Savigny was also a surname, likely someone who took it from the very same land mentioned above. The name shows up in the list of benefactors to Roger Bigod’s Thetford Priory. Hamo St. Clair married Cecilia Bigod, daughter of the very powerful Roger Bigod. Cecilia was the granddaughter of Robert de Tosny. Roger Bigod had several tenants on his lands, one of the most important was the de Vaux family.

Anonymous (p. 290) has:

1114-1129 – Letter of William de Sancto Claro addressed to Richard bishop of Bayeaux and all, both cerk and lay, in Normandy. He has given and granted for ever his land of Thaun and of Vilers etc. to the Holy Trinity, Savigny.
T[estibus] his: Thurstano archiepiacopo de Ewrehic, et Audoeno episcopo Ebroicensi, et Radulfo Raiocenai, et Willelmo camerario de Tankarvilla, et Willelmo filio Odonis.
He begs the bishop for the love of God, to uphold this [gift].

? circ. 1150 – Notification by William de Sancto Claro to Mathildis countess of Gloucester that he has given the abbey of Savigny all his land of Vilers and of Taun as quit as he held it in the time of Henry king of the Engish, and that all the men of that land used to come to his court to plead and to do right in all causes and disputes between him and them wherever he was in Normandy; and this they are bound to do to the abbot and monks of Savigny. Wherefore he prays her (vos), as his lady, for the love of of God, to guard that endowment for the abbey, and to bid his men do for the monks what they used to do for him.

There is much to be learned about Odo de Bayeux

Pays d’Auge

The Pays d’Auge is a small part of Normandy, straddling the départements of Calvados and Orne. The largest  town there is Lisieux. Wace wrote about the Norman invasion and mentioned that Hugh of Mortemer had with him the lord of Auvilliers, the lords of Les Oubeaux, and of Saint Cler. Auvilliers and Saint Cler show up on a map of the Pays d’auge.



Saint-Clair-sur-Epte is a commune in the Val-d’Oise department of Île-de-France in northern France.

St. Mary Coutances

Anonymous – edited by J. Horace Round, M.A. – has Sancto Claro as benefactors to The Cathedral Church of St. Mary Coutances for Secular Canons.

In 1173, Rogero de Sancto Claro was a witness to the charter of Richard bishop of Coutances. (p. 343-344)

Hugh de Monteforti (Montford) witnessed the charter of William the Conqueror to St. Mary Coutances.

Other names showing up in the records of this cathedral are Warenna (Warrene), Sauchervilla (Sackville), Bigot.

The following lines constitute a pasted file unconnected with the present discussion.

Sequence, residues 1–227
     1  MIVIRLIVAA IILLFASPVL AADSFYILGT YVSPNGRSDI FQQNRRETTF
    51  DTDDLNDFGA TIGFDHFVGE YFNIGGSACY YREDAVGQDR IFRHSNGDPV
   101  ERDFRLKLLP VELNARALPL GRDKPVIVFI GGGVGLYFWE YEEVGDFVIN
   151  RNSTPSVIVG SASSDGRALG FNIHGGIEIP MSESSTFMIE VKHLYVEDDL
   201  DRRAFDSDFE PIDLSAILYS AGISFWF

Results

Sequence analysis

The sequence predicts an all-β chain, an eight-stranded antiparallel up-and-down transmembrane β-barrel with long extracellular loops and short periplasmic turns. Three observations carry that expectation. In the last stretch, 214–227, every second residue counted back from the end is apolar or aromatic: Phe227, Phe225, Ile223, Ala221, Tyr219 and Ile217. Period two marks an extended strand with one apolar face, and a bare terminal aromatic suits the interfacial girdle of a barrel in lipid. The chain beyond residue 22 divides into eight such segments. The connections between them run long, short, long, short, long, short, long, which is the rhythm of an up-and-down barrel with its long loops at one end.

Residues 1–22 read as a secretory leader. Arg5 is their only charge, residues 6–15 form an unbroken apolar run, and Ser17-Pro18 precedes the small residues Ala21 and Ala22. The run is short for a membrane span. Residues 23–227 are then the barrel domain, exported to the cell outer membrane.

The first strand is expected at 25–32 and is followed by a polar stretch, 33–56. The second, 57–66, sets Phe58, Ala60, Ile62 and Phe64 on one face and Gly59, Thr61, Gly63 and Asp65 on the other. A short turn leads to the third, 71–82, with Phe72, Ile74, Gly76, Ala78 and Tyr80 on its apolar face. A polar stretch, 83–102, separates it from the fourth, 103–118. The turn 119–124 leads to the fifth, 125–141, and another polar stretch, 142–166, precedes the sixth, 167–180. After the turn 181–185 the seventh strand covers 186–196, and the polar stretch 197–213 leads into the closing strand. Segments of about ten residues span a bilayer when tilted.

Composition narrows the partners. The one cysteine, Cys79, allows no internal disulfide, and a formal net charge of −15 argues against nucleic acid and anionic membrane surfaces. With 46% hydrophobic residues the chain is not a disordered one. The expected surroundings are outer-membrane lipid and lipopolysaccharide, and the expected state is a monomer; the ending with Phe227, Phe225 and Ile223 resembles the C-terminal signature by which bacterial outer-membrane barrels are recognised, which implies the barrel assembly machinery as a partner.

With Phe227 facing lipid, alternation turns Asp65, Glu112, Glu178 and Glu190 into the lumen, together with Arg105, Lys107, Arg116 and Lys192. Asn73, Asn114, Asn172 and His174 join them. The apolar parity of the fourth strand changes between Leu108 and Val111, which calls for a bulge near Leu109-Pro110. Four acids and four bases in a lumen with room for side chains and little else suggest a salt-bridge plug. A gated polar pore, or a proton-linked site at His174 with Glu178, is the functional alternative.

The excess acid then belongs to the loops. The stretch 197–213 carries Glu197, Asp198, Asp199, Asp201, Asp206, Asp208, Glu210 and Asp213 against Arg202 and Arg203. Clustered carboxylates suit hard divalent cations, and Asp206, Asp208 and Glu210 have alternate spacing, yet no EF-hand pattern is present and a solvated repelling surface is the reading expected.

See Anonymous p. 341 – 344

The Norman Conquest

One of the most impressive early mentions of our family was by a writer named Wace in his chronicle of the Norman people, The Roman de Rou. Wace was likely commissioned by Henry II, the work possibly to be read out at Henry’s court. Wace told us he was born c.1100 on the island of Jersey and educated in Caen, France. While he began working on the Roman de Rou in 1160, he would have known many people with living memories of the Norman Conquest.

In the Roman de Rou, Wace wrote:

Normant a pie e a cheual
Les assaillment comme uassal
Donc poinst Hue de Mortemer,
Od lui li sire d’Auuiler,
Cil d’Onebac e de Saint Cler;
Engleis firent mult enuerser.

Translated to English –

The Normans attacked them
courageously on foot and on horse.
Then Hugh of Mortemer spurred his horse;
he had with him the lord of Auvilliers,
and the lords of Les Oubeaux and of Saint-Clair.
They overthrew many Englishmen.
(Wace, p. 188)



Some researchers think Roger de Mortimer was the son of William de Warenne. Burke wrote that he was one of the principal commanders in the battle. As a result of his success, he was sent to the west of England to tame the marches of Wales. (Burke, p. 371)

St Clears Priory – Parish Church of St Mary Magdalene, in Wales

Interestingly, a Mortimer was the lord of St Clears Priory – founded late 12th C. in Wales as an alien cell of St. Martin des Champs, Paris. The fact that the St. Clairs were with Mortimer at Hastings, and the place is named St. Clears makes several credible medievalists think we were associated with St. Clears Priory

There is some dispute about whether or not this small priory is associated with the Saint-Clair family. Here’s your first clue – the website Monastic Wales says lordship of the area at the time of the foundation was the Mortimer family.